European Commission’s new Guidelines on environmental and energy State aid
June 2014 | EXPERT BRIEFING | BANKING & FINANCE
On 9 April 2014, the European Commission adopted its new Guidelines on environmental and energy State aid for 2014-2020. The adoption followed intense stakeholder consultation and – unusually – even led the Commissioners to a vote, in which one Commissioner voted against and three abstained. The new Guidelines replace the Commission’s 2008 Guidelines on State aid for environmental protection, but now also include detailed rules regarding State aid in the energy sector. According to Commission Vice President Almunia, these Guidelines are “one of the most important pieces” of the Commission’s State Aid Modernisation initiative, launched in 2012, in which it proposed to rewrite many of the existing State aid rules and guidelines. The initiative aims to enhance the Commission’s State aid powers to foster sustainable, smart and inclusive growth in a competitive internal market in line with the Europe 2020 strategy, and to allow the Commission to focus its enforcement on the cases with the biggest impact on the internal market.
The Guidelines will be one of the cornerstones of the Commission’s energy and environmental policy in the years ahead, as under its State aid powers, the Commission is competent to review and approve in accordance with these Guidelines any public support measure envisaged by the Member States before its implementation. Any public support granted in breach of the Guidelines is unlawful and should in principle be recovered from the companies that benefited from it.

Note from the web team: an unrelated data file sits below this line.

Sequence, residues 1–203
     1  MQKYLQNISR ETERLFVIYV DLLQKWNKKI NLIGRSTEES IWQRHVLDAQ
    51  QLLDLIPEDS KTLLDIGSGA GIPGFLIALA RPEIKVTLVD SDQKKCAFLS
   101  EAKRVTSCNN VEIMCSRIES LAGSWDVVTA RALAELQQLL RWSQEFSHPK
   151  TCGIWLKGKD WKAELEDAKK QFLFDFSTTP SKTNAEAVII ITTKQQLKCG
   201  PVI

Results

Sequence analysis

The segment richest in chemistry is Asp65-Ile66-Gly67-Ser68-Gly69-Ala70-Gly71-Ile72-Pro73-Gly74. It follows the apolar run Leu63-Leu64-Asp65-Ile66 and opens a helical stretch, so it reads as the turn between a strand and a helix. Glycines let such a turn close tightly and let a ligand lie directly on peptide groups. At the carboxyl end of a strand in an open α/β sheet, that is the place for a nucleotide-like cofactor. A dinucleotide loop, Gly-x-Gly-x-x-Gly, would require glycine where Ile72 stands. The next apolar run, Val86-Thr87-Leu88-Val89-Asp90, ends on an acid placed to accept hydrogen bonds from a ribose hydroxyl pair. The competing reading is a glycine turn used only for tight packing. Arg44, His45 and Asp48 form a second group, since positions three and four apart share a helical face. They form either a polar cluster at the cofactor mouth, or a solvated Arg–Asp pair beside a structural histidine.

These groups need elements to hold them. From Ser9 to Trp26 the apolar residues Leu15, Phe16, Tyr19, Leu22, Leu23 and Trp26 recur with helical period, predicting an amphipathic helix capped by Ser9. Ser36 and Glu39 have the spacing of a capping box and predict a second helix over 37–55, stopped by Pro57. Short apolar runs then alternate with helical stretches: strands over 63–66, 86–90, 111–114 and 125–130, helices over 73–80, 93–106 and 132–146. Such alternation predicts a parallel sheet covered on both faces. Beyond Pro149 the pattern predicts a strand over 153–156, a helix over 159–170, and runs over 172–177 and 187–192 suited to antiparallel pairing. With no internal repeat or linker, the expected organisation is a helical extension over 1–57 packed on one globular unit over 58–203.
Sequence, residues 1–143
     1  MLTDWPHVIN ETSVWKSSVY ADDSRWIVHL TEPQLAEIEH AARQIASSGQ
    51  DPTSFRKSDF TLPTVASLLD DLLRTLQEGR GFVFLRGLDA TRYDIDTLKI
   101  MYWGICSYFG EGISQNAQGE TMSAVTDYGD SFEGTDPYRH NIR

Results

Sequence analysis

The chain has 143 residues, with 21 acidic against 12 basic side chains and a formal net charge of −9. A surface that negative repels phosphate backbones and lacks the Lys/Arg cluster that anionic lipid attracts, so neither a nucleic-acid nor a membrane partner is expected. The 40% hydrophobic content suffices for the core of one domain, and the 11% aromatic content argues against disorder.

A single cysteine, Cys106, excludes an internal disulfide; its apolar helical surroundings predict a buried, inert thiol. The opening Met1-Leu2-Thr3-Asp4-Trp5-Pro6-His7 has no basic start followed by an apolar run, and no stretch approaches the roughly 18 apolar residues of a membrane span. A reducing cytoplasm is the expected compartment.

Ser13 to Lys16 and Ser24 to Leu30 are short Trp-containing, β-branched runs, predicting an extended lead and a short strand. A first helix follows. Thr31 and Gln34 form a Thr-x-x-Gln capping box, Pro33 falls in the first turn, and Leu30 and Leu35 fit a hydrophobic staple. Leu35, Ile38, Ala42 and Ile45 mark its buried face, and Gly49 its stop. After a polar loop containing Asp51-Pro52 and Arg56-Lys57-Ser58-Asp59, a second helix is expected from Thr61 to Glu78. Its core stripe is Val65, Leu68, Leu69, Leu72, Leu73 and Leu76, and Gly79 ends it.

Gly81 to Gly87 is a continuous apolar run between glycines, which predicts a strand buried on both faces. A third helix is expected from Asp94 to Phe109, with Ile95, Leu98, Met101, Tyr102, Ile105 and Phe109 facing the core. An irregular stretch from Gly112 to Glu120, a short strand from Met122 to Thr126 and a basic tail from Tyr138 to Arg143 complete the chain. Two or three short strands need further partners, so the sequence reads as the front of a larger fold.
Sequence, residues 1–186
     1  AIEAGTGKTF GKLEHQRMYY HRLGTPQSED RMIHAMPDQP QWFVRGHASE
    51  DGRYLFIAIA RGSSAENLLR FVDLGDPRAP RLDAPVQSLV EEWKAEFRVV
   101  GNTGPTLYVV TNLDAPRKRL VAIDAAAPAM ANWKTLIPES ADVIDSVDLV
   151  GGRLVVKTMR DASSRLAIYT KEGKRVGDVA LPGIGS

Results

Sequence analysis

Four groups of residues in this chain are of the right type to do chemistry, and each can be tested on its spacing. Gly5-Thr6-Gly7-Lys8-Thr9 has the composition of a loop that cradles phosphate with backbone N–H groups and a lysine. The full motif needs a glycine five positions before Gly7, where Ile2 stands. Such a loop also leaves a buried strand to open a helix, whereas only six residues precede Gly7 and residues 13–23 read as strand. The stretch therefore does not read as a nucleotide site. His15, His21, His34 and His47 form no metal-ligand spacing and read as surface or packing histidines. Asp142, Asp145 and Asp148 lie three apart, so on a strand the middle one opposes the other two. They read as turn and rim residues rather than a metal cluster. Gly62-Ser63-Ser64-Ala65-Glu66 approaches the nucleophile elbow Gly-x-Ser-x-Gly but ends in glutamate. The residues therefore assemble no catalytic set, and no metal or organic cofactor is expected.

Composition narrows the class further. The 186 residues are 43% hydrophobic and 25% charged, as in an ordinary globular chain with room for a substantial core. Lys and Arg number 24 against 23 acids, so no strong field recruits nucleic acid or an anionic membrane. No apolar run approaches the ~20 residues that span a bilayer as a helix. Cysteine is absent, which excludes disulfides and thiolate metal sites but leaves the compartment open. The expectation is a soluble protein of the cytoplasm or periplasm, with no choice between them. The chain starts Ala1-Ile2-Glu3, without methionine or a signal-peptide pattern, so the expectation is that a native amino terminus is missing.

The Guidelines thus not only provide the framework for which the EU Member States design their energy and environmental investment policies, but also directly impact any energy player and investor relying on public support. While the detailed rules and principles Guidelines clearly limit the scope of manoeuvring in public spending in many ways, they also provide increased legal certainty to the Member States and companies involved.
The new Guidelines now fully integrate environmental protection measures with the public financing of energy. The 2008 Guidelines already contained rules on energy issues that are closely linked to climate policy such as aid for energy saving, renewable energy sources (RES) and cogeneration and energy-efficient district heating. The new Guidelines now also deal with some specific energy issues such as carbon capture and storage (CCS), energy infrastructure and generation adequacy. On these issues, the new Guidelines follow up in the State aid arena on the Commission’s Communication on ‘Delivering the internal electricity market and making the most of public intervention’, published in November 2013 (the ‘Public Intervention Communication’). What has not been included in the final draft of the new Guidelines is aid to nuclear energy sources. While the Commission initially envisaged including specific rules in the Guidelines permitting nuclear aid under certain conditions, these were ultimately left out.
As usual for State aid guidelines, the new Guidelines only set out the criteria that the Commission will use for assessing environmental and energy aid measures which amount to State aid and which must be notified.